Keeping all that in mind…. First, I walked over to the track, which is maybe a quarter mile away. Then I walked a full lap around the track while thinking about how I would structure my adventure. In the old days of speed training, one drill we did was to sprint on the “straight” part of the track and recover while walking briskly on the curved part. I decided to start with a gentle jog around ONE curve. I was a little winded after that and immediately started lamenting my cardiovascular strength of younger years, worrying about how much I’d lost, even though I’ve been faithful to the elliptical all year. I walked the rest of the track, and on the next lap I jogged the straight part. That felt slightly easier than the curve, even though it was longer. After another period of walking I decided to tackle half the track. That was sweet! I walked another 1.5 laps before going for a full lap around the track. I had not planned to do this, but the bug was biting. I soared right past the marker and ended up running 1.5 laps. I was having such a great time but also starting to feel a little something on my new-hip side – not pain, maybe fatigue. It’s hard to tell with those deep structures, some of which are now working with an inanimate object in their midst. I decided that was enough for now.
I walked home with a spring in my step. I could have been depressed about how little that was compared to what used to be. I could have been depressed about the fact that I won’t be doing this regularly, even though I really, really want to. But I’ve gotten used to the idea that things – and bodies – change. And instead I felt enormously grateful that I could do this “little bit.” I admit I had fleeting thoughts of friends who are regularly training for races. Friends for whom I do my best to act encouraging and happy even though my inner-runner-child is having a crying fit while listening to them talk about their last training run. Yes there’s a (big) part of me that wishes I could re-join the runners. Then there’s the part of me that knows I can still do a lot that many others can’t. I mean that in a compassionate, not competitive, way. In other words, so many people don’t even have this option. For more than a year, I was among them! So rather than wallow, I prefer to swell with the gratitude. I can’t do everything I used to do, but I can do a lot.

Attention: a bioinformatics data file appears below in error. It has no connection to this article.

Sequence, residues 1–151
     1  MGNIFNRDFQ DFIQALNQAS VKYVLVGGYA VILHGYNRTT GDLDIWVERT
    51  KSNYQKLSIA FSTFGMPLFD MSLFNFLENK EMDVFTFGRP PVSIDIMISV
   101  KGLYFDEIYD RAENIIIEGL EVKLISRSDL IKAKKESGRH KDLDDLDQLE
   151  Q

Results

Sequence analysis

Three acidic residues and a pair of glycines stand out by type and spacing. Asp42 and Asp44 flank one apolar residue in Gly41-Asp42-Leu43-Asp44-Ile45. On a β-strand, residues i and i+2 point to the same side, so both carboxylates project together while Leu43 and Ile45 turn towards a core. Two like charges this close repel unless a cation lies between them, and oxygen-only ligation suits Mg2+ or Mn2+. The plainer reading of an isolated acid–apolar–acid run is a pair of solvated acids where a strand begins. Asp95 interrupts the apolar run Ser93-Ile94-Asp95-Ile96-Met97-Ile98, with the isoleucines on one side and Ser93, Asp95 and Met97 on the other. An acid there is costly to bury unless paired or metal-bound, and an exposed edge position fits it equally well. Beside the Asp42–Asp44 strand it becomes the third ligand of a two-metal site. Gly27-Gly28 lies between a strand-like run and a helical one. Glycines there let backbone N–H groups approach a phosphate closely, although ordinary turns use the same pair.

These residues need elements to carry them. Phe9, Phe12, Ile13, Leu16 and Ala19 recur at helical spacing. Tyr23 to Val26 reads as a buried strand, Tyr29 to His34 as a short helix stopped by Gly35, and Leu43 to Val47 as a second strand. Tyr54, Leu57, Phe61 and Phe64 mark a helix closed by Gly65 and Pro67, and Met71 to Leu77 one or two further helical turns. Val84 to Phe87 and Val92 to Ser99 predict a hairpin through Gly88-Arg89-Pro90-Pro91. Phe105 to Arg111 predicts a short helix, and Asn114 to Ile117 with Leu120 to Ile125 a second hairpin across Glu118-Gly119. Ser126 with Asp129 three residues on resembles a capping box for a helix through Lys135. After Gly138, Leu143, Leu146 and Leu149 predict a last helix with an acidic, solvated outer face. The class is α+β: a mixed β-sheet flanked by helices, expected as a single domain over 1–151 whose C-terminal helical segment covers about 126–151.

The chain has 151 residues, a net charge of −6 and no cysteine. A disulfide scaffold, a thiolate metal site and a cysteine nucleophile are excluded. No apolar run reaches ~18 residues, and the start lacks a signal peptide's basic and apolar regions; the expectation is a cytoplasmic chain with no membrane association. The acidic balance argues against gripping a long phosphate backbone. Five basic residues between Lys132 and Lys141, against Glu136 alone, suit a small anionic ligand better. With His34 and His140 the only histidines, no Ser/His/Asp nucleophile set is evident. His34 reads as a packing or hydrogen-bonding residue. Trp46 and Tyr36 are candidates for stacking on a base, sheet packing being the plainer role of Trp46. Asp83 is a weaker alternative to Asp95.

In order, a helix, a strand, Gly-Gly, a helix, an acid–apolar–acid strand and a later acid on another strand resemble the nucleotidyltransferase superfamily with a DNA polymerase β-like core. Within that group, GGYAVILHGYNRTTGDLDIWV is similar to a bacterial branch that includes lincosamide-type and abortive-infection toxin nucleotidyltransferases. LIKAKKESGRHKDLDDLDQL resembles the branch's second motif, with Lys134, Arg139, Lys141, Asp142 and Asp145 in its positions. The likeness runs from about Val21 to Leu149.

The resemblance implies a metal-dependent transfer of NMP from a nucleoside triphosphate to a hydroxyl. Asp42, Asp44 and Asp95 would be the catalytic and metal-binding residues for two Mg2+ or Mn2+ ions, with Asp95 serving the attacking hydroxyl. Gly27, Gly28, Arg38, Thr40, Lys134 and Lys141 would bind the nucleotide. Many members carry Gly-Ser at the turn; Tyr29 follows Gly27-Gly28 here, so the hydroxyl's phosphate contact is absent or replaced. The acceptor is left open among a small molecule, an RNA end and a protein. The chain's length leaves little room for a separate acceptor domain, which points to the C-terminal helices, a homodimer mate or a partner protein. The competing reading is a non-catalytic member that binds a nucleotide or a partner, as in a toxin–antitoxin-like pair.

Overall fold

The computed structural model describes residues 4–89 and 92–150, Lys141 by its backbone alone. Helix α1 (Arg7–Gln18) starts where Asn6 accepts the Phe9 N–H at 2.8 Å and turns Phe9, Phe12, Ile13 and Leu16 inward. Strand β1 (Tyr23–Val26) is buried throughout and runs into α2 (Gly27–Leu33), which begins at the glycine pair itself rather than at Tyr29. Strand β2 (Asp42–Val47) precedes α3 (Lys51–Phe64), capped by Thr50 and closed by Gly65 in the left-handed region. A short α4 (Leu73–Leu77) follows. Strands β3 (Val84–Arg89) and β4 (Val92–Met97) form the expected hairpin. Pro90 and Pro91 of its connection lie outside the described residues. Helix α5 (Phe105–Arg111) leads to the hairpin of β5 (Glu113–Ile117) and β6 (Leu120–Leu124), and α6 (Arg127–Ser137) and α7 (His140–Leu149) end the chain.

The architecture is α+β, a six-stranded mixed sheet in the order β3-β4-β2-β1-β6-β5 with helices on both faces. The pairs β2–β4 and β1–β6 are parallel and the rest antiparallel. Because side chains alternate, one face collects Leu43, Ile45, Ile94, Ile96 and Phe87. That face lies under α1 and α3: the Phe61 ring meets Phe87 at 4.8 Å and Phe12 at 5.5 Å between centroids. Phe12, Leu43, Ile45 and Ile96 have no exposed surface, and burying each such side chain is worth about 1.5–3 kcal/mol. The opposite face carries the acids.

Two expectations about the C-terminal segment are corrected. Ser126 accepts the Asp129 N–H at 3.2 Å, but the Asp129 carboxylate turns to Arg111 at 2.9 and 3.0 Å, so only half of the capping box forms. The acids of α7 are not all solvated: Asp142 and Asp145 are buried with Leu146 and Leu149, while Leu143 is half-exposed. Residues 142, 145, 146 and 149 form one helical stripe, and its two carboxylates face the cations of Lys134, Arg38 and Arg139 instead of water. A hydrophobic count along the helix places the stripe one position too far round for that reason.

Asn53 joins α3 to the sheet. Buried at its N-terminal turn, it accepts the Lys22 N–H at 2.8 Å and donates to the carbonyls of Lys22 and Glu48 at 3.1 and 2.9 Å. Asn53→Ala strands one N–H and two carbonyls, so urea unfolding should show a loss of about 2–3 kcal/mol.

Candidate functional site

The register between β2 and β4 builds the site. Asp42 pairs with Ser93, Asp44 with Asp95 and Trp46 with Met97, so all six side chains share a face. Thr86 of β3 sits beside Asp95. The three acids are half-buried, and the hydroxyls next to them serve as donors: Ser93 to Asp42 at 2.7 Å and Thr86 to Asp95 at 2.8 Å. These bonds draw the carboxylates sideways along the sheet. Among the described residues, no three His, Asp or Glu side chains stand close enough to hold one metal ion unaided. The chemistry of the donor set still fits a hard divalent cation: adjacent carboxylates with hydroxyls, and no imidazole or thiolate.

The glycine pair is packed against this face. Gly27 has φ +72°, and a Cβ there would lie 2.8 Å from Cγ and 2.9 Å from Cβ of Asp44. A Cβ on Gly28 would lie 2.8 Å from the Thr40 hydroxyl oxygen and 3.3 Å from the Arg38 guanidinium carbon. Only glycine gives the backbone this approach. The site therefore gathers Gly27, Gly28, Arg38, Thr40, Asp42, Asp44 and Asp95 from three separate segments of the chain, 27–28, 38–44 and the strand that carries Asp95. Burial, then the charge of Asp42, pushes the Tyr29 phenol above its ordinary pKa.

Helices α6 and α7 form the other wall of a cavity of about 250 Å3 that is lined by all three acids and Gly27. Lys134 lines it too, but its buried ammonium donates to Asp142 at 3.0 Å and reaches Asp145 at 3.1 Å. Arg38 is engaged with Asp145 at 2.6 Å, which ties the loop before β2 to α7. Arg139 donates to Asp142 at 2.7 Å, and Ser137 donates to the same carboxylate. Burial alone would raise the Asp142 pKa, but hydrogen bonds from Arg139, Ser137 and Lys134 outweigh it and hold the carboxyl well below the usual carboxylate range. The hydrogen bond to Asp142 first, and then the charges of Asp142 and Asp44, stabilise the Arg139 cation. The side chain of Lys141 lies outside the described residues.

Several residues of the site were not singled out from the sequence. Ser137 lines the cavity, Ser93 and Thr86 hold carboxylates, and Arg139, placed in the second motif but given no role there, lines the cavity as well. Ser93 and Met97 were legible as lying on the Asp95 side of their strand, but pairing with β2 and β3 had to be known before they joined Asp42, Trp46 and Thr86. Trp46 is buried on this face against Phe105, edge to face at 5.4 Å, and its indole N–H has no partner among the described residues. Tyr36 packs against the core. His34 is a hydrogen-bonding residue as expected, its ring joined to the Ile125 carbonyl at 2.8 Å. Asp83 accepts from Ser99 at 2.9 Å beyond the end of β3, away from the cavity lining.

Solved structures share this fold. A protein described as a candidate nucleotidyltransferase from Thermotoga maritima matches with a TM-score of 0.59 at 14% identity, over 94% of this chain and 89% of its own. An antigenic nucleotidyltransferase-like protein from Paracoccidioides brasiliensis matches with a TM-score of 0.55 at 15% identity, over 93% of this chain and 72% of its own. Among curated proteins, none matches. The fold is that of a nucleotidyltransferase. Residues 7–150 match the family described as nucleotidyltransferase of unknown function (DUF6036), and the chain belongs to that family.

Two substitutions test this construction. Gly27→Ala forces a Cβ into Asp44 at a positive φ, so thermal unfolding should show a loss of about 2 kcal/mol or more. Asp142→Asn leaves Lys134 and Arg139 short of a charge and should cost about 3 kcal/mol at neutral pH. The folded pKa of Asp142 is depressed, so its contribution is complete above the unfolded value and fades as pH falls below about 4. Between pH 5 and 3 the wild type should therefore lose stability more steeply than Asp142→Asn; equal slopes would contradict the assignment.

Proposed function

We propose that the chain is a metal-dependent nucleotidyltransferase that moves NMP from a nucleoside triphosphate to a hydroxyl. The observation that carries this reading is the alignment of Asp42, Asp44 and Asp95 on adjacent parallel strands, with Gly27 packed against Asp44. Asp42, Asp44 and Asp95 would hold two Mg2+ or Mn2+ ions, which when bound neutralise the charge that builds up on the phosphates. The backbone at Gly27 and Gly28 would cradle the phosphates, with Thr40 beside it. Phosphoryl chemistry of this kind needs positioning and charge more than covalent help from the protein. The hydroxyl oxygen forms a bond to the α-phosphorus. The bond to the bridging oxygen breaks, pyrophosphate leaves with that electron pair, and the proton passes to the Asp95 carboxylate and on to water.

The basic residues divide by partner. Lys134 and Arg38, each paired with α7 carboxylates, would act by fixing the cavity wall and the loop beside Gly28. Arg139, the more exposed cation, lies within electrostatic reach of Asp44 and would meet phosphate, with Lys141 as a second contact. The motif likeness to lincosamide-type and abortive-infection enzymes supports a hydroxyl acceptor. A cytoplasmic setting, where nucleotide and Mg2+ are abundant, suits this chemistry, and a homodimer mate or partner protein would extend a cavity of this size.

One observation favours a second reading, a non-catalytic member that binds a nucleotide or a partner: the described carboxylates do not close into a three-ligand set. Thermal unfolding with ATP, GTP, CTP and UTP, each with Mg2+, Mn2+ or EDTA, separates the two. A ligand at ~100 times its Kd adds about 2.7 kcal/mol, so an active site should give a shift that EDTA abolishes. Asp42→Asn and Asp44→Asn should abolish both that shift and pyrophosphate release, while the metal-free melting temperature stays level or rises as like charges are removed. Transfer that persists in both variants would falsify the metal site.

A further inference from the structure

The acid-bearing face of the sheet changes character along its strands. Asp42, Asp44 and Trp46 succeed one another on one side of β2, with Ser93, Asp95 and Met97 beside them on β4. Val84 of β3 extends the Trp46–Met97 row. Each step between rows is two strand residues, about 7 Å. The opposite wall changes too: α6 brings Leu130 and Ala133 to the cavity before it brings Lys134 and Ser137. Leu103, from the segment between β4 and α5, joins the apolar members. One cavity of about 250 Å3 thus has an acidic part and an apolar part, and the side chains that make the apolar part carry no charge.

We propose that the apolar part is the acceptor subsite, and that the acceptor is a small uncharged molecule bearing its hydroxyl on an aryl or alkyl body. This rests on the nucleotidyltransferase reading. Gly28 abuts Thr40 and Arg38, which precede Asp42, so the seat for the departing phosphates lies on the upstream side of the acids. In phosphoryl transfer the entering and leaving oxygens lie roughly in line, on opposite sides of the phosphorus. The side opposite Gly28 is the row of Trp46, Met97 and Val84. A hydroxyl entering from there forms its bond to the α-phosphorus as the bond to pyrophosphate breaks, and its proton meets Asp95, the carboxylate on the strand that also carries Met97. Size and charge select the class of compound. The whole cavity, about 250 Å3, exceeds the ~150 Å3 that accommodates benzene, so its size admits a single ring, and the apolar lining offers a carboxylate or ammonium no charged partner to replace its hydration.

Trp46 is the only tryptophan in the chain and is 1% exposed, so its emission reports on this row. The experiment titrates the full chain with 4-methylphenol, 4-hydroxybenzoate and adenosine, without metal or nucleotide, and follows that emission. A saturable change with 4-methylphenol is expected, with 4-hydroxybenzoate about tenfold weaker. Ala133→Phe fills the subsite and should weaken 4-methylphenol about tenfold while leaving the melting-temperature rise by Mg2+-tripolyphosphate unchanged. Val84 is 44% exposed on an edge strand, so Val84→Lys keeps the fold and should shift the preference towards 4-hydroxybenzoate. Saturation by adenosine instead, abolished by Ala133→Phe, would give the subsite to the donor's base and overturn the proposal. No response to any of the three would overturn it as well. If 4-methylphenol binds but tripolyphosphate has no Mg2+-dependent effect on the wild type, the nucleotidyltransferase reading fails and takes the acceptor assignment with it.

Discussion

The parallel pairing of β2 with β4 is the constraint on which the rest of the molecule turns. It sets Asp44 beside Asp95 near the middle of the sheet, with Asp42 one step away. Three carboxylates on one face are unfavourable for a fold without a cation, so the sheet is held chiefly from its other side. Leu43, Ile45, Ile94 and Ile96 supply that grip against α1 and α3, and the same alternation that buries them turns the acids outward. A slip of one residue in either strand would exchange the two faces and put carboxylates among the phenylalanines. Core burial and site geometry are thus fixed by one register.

And the next day …
Just like I tell my clients when we’re pushing the edge – we pay attention not only to how things feel in the moment, but also to how sore we are in the next day or two. You need to know both things to assess the edge. A little soreness is okay. Debilitating soreness tells you it was too much. Not that I’m planning to repeat this any time soon. But when I do – maybe a few weeks from now – I’ll be able to do it with informed feedback from my body. As it turns out, I’ve had just a little soreness in my calves – just enough to make me feel good about the challenge. No backlash anywhere near my hip joint. <Cheshire Cat grin here> I should wrap this up now before the phone starts ringing with over-protective loved ones who want to slap my wrist.
I’ll cut my parents some slack here, since their wedding anniversary “celebration” this time last year consisted of hospital cafeteria cake and ginger ale, followed by multiple trips to the pharmacy and grocery store. Then I’ll remind them not to worry. After all, I’m a professional.